Re: regex walktrough

Discussion in 'Python' started by rh, Dec 8, 2012.

  1. rh

    rh Guest

    On Sat, 08 Dec 2012 18:08:36 +0000
    MRAB <> wrote:

    > On 2012-12-08 17:48, rh wrote:
    > > Look through some code I found this and wondered about what it
    > > does: ^(?P<salsipuedes>[0-9A-Za-z-_.//]+)$
    > >
    > > Here's my walk through:
    > >
    > > 1) ^ match at start of string
    > > 2) ?P<salsipuedes> if a match is found it will be accessible in a
    > > variable salsipuedes
    > > 3) [0-9A-Za-z-_.//] this is the one that looks wrong to me, see
    > > below
    > > 4) + one or more from the preceeding char class
    > > 5) () the grouping we want returned (see #2)
    > > 6) $ end of the string to match against but before any newline
    > >
    > >
    > > more on #3
    > > the z-_ part looks wrong and seems that the - should be at the start
    > > of the char set otherwise we get another range z-_ or does the a-z
    > > preceeding the z-_ negate the z-_ from becoming a range? The "."
    > > might be ok inside a char set. The two slashes look wrong but maybe
    > > it has some special meaning in some case? I think only one slash is
    > > needed.
    > >
    > > I've looked at pydoc re, but it's cursory.
    > >

    > Python itself will help you:
    >
    > >>> re.compile(r"^(?P<salsipuedes>[0-9A-Za-z-_.//]+)$",
    > >>> flags=re.DEBUG)

    > at at_beginning
    > subpattern 1
    > max_repeat 1 65535
    > in
    > range (48, 57)
    > range (65, 90)
    > range (97, 122)
    > literal 45
    > literal 95
    > literal 46
    > literal 47
    > literal 47
    > at at_end
    >
    > Inside the character set: "0-9", "A-Z" and "a-z" are ranges; "-", "_",
    > "." and "/" are literals. Doubling the "/" is unnecessary (it has no
    > special meaning). "-" is a literal because it immediately follows a
    > range, so it can't be defining another range (if it immediately
    > followed a literal and wasn't immediately followed by an unescaped "]"
    > then it would, so r"[a-]" is the same as r"[a\-]").


    Handy tip there, thanks.

    re.compile(r"^(?P<salsipuedes>[-\w./]+)$", flags=re.DEBUG)
    at at_beginning
    subpattern 1
    max_repeat 1 65535
    in
    literal 45
    category category_word
    literal 46
    literal 47
    at at_end

    I reduced the expression too. Now I wonder why re.DEBUG doesn't unroll
    category_word. Some other re flag?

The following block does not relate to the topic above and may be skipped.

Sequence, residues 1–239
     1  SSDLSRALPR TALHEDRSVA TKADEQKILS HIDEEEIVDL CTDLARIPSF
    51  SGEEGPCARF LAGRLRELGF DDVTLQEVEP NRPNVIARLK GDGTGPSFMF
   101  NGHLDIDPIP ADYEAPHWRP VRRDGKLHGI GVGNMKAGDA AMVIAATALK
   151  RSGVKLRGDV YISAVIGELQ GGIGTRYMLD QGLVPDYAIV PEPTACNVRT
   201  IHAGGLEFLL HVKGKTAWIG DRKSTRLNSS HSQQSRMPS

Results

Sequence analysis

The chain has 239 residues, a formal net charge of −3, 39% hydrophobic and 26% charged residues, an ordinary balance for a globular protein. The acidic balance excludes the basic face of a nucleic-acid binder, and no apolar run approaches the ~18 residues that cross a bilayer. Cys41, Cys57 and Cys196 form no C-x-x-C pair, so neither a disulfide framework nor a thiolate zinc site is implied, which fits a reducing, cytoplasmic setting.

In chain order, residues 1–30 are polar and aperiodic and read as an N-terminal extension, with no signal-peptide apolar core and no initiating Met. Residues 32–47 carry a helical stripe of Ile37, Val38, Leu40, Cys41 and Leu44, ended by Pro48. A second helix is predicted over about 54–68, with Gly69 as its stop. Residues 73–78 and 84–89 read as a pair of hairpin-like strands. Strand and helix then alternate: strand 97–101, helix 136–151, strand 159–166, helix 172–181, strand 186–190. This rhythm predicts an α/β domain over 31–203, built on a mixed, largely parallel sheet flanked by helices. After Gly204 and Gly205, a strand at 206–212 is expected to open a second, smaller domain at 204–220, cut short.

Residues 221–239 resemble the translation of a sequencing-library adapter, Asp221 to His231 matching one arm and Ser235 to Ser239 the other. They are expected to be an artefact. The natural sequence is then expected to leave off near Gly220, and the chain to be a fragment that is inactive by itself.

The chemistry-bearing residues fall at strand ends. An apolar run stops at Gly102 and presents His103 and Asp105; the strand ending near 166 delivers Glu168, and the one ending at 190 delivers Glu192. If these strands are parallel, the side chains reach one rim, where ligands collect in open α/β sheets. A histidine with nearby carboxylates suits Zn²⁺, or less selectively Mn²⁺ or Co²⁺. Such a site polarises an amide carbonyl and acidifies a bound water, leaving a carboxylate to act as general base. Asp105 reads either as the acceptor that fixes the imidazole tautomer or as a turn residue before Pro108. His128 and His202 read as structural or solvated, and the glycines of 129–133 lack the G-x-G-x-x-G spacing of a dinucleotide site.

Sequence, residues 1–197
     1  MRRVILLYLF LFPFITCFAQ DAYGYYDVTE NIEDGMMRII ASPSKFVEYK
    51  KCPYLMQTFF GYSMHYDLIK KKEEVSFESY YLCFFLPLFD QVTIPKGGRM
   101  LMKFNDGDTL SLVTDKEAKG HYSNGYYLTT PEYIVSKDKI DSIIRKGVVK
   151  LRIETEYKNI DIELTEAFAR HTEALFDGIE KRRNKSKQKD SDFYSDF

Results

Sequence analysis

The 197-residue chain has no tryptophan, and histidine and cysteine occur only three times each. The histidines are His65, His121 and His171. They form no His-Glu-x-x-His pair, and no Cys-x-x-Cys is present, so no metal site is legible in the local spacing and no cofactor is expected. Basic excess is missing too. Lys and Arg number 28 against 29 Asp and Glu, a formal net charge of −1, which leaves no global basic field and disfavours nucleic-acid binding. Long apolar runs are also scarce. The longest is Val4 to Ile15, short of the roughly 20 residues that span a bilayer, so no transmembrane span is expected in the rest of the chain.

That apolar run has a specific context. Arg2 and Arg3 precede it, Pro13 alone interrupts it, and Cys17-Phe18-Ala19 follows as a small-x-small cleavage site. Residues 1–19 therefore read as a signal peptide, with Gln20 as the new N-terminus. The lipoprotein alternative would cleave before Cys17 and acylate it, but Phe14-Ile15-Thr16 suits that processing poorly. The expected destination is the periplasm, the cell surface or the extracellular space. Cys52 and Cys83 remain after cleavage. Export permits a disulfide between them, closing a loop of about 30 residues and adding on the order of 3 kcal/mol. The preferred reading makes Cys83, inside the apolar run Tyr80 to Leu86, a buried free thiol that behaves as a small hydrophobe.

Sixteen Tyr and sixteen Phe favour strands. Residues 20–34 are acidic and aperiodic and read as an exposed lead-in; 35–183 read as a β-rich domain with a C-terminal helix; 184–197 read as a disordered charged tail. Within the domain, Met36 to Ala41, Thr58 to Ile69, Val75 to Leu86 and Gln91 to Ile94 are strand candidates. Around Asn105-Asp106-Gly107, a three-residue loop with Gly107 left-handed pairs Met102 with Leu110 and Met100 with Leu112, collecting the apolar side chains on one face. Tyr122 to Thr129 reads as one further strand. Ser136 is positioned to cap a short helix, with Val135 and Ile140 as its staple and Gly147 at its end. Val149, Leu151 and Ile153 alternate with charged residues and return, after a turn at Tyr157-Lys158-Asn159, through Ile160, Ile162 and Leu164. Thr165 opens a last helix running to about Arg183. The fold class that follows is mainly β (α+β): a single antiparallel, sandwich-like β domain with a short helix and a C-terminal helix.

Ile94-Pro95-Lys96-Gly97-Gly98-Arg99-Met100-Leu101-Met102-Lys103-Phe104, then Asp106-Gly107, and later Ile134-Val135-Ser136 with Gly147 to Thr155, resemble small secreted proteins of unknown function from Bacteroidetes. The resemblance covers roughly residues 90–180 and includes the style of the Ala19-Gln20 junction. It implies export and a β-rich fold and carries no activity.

>
    > As for "(?P<salsipuedes>...)", it won't be accessible in a variable
    > "salsipuedes", but will be accessible as a named group in the match
    > object:
    >
    > >>> m = re.match(r"(?P<foo>[a-z]+)", "xyz")
    > >>> m.group("foo")

    > 'xyz'
    >


    Ok, "named group" it is.
     
    rh, Dec 8, 2012
    #1
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  2. rh

    Hans Mulder Guest

    On 8/12/12 23:19:40, rh wrote:
    > I reduced the expression too. Now I wonder why re.DEBUG doesn't unroll
    > category_word. Some other re flag?


    he category word consists of the '_' character and the
    characters for which .isalnum() return True.

    On my system there are 102158 characters matching '\w':

    >>> sum(1 for i in range(sys.maxunicode+1)

    .... if re.match(r'\w', chr(i)))
    102158
    >>>


    You wouldn't want to see the complete list.

    -- HansM
     
    Hans Mulder, Dec 8, 2012
    #2
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  3. rh

    MRAB Guest

    On 2012-12-08 23:27, Hans Mulder wrote:
    > On 8/12/12 23:19:40, rh wrote:
    >> I reduced the expression too. Now I wonder why re.DEBUG doesn't unroll
    >> category_word. Some other re flag?

    >
    > he category word consists of the '_' character and the
    > characters for which .isalnum() return True.
    >
    > On my system there are 102158 characters matching '\w':
    >

    That would be because you're using Python 3, where strings are Unicode.

    >>>> sum(1 for i in range(sys.maxunicode+1)

    > ... if re.match(r'\w', chr(i)))
    > 102158
    >>>>

    >
    > You wouldn't want to see the complete list.
    >

    The number of such codepoints depends on which version of Unicode is
    being supported (Unicode is evolving all the time).
     
    MRAB, Dec 9, 2012
    #3
  4. rh

    rh Guest

    On Sun, 09 Dec 2012 00:27:30 +0100
    Hans Mulder <> wrote:

    > On 8/12/12 23:19:40, rh wrote:
    > > I reduced the expression too. Now I wonder why re.DEBUG doesn't
    > > unroll category_word. Some other re flag?

    >
    > he category word consists of the '_' character and the
    > characters for which .isalnum() return True.
    >
    > On my system there are 102158 characters matching '\w':
    >
    > >>> sum(1 for i in range(sys.maxunicode+1)

    > ... if re.match(r'\w', chr(i)))
    > 102158
    > >>>

    >
    > You wouldn't want to see the complete list.


    No and also wouldn't want to use \w unless really needed.
    So that answers my other question.

    >
    > -- HansM



    --
     
    rh, Dec 9, 2012
    #4
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